New Old Railway Station is Little, Free, and Full of Books

The smallest library in Easthampton began its first day with a 27-book selection; Barbara Kingsolver’s The Bean Trees was there, plus Malcolm Gladwell’s Outliers, and The Foot Book by Dr. Seuss.

Library builder Bruce Simonds of Easthampton put a finishing touch on the floor, then closed the door and stepped back. To one side, bicyclists looked over their shoulders as they passed on the Manhan Rail Trail. To the other, bees buzzed around a small garden.

“This is very, very wonderful, Bruce,” said Gina Tirrell, administrative assistant to the CFO at The Williston Northampton School. “I think it’s the perfect location for it.”

The idea behind Little Free Libraries—housed in buildings about the size of large mailboxes—is that passers-by will be able to share and exchange their favorite books in a convenient place, taking the ones they want to enjoy and leaving a few in return. Users can look up the tiny libraries on the Little Free Library website, which includes a map and coordinates of each exchange.

Simonds, who had the idea to create a local Little Free Library after reading an article on similar efforts, approached Williston Northampton officials about placing it on school land adjacent to the rail trail.

Once he had a green light, Simonds designed the library box to look like a miniature version of the nearby Old Railroad Station. (Before her recent retirement, the station was the long-time home and studio of Williston Northampton Fine Arts teacher Marcia Reed.)

Simonds spent two months creating the building, including cutting and staining 1,200 individual shingles, building tiny windows, and even installing wooden barrels along the exterior.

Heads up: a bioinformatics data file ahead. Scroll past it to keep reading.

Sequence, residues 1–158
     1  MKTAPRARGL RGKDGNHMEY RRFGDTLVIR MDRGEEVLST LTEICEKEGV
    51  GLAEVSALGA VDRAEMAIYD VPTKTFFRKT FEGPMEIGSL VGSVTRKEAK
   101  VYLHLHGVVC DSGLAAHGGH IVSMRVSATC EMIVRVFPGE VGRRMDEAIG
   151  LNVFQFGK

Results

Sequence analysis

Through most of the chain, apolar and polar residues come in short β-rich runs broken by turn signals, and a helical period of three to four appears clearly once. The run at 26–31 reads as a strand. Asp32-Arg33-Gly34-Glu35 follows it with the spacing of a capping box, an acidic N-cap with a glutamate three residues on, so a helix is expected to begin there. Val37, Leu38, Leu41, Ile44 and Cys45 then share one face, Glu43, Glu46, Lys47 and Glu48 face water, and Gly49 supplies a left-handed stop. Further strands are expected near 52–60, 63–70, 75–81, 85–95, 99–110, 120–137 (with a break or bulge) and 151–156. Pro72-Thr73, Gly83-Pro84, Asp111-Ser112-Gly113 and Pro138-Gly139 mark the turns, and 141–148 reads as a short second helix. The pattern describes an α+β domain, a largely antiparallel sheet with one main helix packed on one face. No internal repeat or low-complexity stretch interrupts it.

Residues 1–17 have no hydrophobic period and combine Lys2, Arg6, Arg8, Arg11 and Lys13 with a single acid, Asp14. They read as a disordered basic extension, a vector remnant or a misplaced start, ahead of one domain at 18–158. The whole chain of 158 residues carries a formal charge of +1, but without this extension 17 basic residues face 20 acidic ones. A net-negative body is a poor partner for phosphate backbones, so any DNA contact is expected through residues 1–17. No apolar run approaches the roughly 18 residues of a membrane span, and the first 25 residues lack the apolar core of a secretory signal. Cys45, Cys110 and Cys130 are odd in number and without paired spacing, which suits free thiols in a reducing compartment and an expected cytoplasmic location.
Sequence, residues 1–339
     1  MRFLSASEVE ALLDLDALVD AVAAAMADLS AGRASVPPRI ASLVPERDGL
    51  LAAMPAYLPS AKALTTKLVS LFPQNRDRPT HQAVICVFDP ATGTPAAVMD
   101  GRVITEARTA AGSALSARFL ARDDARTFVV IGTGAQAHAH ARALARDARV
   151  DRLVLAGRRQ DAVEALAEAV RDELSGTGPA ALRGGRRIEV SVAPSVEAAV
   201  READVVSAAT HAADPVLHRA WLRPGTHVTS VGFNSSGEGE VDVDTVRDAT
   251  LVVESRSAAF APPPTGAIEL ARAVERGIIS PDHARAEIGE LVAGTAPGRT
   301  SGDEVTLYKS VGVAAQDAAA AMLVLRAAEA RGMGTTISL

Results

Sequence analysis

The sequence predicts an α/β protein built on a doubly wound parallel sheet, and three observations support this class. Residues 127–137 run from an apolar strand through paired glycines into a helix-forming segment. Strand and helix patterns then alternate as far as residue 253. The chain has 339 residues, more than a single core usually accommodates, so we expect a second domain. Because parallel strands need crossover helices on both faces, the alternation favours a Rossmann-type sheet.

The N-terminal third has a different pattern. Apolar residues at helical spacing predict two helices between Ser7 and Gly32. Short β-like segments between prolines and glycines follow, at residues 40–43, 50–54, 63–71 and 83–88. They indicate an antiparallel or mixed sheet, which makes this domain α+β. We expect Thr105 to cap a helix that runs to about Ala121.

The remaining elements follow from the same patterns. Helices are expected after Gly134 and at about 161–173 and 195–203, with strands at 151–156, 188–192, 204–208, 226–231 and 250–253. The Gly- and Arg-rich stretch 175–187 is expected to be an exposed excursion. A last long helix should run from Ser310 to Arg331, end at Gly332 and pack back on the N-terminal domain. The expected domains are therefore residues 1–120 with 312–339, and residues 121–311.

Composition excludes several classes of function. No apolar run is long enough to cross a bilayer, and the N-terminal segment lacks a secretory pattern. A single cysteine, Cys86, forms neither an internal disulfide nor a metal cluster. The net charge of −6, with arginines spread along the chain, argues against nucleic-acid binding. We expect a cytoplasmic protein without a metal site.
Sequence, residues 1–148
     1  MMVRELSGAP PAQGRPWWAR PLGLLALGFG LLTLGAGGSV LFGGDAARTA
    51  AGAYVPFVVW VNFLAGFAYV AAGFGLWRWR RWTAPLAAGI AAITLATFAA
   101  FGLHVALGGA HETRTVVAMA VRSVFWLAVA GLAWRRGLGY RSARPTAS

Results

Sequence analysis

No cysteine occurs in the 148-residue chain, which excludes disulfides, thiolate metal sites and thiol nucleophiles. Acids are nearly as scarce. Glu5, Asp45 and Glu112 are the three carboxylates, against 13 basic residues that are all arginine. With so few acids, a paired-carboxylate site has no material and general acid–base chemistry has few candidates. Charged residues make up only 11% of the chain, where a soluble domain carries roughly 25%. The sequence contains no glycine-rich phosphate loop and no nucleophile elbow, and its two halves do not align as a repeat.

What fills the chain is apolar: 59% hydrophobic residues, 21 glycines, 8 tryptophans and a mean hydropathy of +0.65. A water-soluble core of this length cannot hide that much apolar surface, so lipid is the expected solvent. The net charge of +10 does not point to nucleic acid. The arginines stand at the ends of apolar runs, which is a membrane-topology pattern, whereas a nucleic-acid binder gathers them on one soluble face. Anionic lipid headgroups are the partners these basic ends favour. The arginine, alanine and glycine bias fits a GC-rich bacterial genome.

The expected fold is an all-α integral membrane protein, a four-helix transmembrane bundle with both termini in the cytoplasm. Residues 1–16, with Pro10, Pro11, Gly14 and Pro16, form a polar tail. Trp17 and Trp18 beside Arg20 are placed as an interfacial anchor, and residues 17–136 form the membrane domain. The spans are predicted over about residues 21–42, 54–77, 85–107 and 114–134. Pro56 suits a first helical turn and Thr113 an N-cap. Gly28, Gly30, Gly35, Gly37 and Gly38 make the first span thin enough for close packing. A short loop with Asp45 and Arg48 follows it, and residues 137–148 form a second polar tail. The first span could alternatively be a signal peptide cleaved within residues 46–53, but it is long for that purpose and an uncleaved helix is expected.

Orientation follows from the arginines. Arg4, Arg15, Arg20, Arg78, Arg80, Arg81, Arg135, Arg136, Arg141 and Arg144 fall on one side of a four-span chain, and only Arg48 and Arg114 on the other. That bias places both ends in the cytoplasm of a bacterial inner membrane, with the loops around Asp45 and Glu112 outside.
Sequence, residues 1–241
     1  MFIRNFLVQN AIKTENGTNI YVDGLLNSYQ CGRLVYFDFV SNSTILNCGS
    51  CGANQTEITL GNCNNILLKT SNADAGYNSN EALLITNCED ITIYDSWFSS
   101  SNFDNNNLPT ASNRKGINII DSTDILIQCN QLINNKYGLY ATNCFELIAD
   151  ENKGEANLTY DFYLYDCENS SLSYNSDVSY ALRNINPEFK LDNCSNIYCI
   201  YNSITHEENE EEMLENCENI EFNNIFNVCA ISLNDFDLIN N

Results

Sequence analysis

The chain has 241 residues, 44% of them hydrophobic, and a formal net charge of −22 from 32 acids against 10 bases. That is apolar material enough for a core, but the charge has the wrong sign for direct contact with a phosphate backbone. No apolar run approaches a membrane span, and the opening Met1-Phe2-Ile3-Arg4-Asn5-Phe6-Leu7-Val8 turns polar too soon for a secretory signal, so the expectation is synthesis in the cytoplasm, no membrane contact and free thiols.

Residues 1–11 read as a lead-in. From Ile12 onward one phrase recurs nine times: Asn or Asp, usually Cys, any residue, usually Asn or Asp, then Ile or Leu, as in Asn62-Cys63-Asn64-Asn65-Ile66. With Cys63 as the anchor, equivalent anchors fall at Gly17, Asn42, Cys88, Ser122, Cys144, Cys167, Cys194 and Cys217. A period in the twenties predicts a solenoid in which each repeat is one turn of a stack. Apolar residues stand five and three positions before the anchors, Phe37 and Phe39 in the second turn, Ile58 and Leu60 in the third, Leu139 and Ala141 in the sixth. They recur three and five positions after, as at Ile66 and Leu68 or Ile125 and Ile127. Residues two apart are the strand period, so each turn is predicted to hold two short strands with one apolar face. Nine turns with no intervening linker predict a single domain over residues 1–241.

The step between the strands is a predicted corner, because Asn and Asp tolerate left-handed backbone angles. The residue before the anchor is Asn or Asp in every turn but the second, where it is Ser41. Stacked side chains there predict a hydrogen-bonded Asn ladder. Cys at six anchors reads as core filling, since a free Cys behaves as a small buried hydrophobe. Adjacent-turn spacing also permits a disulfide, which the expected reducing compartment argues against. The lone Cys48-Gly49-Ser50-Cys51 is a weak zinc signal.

With a nod to the New England weather, Simonds made sure the structure was waterproof, bee-proof, and wasp-proof. And for those who might be inclined to take the box rather than the books, he added a false floor and tamper-resistant screws.

Simonds also registered his creation with the national website and received a plaque with the identification number 1865. Below the box, he added a bag of red bookmarks with instructions, so visitors would know what to do.

So much thought had gone into the tiny library exchange that, as he installed the house, Simonds joked it might even need an “iPad app garage door opener to open this thing.”

Simonds was just finishing installing the building and was stacking books into the Easthampton Little Free Library when a reporter from the Daily Hampshire Gazette caught sight of a popular Arnold Lobel title.

Owl at Home?” she said. “I love that book!”

One thought on “New Old Railway Station is Little, Free, and Full of Books”

  1. Bruce–fantastic job on this Library! You have made one of the most elegant models we’ve seen yet. Don’t stop now, though. Having this beauty on our website may attract some new patrons and sponsors. Would you be willing to consider building some custom Libraries…like Green Gables of Anne of Green Gables or Aldo Leopold’s shack, where he wrote the Sand County Almanac?

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